What is Jhana During Meditation?

Phra Pidta is the Buddhist monk meditating deep in the Jhana realms, and this is why his amulets are so popular.
Phra Pidta is the Buddhist monk meditating deep in the Jhana realms, and this is why his amulets are so popular.

Jhana is a range of experiences which occurs when the mind is well-concentrated on some small object of meditation (for me, the breath at the nostrils). The body is totally at peace without tension, pain, or even feeling the body at all in the later jhanas. The mind is quiet, there is no extraneous thought going on. With the exception of the first couple Jhanas there is no feeling of the body, no emotion. The mind remains focused on the object of meditation very tightly until the focus is changed to the Jhana experience.

Jhana comes when you are not expecting it… wanting it, attached to the idea that it will, should, must, or better come. Jhana comes only when the mind has let go of all attachments for it, or for anything else. The mind must be so calm and focused that nothing is produced by thought. If fear, hope, anxiety, or any other emotion about Jhana coming – is evident… Jhana remains elusive.

When Jhana does come, it is felt (by me) as a transformation of consciousness. It is as if the mind is washed over by this new experience unlike anything I have ever known as a conscious non-Jhannic human being going through life. When Jhana comes or starts – the senses of the body are no longer operating. Touch, sight, smell, hearing, tasting – they are paused, or on hold. They do not interfere with, taking away from – or adding to the Jhana state. They are absent or just unaccounted for… sensory stimulation through our normal channels doesn’t lead to the mind recognizing them.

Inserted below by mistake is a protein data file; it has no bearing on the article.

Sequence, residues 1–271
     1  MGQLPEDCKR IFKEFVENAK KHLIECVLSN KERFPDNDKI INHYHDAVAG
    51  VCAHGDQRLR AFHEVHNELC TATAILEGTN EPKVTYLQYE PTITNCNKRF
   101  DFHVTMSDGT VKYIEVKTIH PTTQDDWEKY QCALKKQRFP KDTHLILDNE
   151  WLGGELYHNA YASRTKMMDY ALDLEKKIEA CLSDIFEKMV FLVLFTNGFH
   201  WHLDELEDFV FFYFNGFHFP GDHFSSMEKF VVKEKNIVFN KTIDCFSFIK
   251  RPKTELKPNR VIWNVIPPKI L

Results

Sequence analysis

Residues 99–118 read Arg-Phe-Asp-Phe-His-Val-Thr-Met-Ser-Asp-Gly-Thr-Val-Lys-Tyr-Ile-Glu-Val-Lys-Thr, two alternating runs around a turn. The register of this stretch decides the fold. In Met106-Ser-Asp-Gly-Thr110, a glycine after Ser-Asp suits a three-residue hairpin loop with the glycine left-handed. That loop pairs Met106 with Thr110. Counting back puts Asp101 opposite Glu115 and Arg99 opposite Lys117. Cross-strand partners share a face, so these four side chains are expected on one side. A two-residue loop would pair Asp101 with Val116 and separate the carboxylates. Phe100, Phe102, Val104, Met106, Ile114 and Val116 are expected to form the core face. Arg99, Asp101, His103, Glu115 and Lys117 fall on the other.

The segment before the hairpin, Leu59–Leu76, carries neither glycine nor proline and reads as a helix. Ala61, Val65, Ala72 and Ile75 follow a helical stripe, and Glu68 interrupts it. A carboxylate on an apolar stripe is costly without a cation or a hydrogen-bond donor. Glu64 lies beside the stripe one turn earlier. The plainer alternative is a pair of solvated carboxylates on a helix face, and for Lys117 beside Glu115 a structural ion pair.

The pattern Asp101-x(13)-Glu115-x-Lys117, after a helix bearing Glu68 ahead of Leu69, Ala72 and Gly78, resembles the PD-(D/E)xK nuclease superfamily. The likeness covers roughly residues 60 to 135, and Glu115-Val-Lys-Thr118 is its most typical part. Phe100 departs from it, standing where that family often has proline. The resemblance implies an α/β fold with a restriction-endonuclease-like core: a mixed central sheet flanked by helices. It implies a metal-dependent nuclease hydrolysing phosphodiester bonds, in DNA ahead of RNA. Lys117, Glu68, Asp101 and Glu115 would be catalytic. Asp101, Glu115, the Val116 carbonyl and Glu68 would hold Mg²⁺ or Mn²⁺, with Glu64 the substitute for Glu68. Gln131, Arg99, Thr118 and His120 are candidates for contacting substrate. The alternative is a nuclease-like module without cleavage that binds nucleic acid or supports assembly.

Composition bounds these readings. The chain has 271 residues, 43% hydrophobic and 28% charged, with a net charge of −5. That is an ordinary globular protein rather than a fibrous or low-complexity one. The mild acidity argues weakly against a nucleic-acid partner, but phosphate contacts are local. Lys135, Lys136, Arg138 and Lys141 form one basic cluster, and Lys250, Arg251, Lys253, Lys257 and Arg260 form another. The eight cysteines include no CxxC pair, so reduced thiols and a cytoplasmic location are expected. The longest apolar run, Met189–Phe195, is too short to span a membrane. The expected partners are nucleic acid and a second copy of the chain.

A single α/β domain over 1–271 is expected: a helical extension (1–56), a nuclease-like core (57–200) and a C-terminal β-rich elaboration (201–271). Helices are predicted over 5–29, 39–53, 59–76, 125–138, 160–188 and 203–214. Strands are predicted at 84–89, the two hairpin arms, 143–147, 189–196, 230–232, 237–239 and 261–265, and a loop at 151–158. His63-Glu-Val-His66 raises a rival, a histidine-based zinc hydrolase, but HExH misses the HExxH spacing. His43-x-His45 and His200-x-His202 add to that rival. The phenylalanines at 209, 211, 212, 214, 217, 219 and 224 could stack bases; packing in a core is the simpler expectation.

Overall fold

Memory does work during jhana – and after it leaves, you can sit down at the computer and write about your experiences if you so choose. Often times I couldn’t conjure up any ‘want’ ‘need’ or other motivation to do so for hours or days after the fact. Jhana seems to reprogram the mind for a while.

The effects of the Jhana state – especially a strong one that lasts for some minutes or hours, can last a long time. When you open your eyes after the focused Jhana has stopped – you can remain in an odd state where you are not entirely your old self. You are you, sure.

You are maybe missing some of the wants, drives, ambition, needs, and motivations that you are usually infused with. These things seem to be gone, suppressed, or just not available to the mind – not fueling the mind at all. The mind can remain quite concentrated and ‘free’ for a number of minutes, and even hours after experiencing Jhana.

There are different Jhanas – they differ in what makes up the experience. I wouldn’t say each one as they progress is better or worse, but, there is a decrease of factors comprising them as one goes further into them.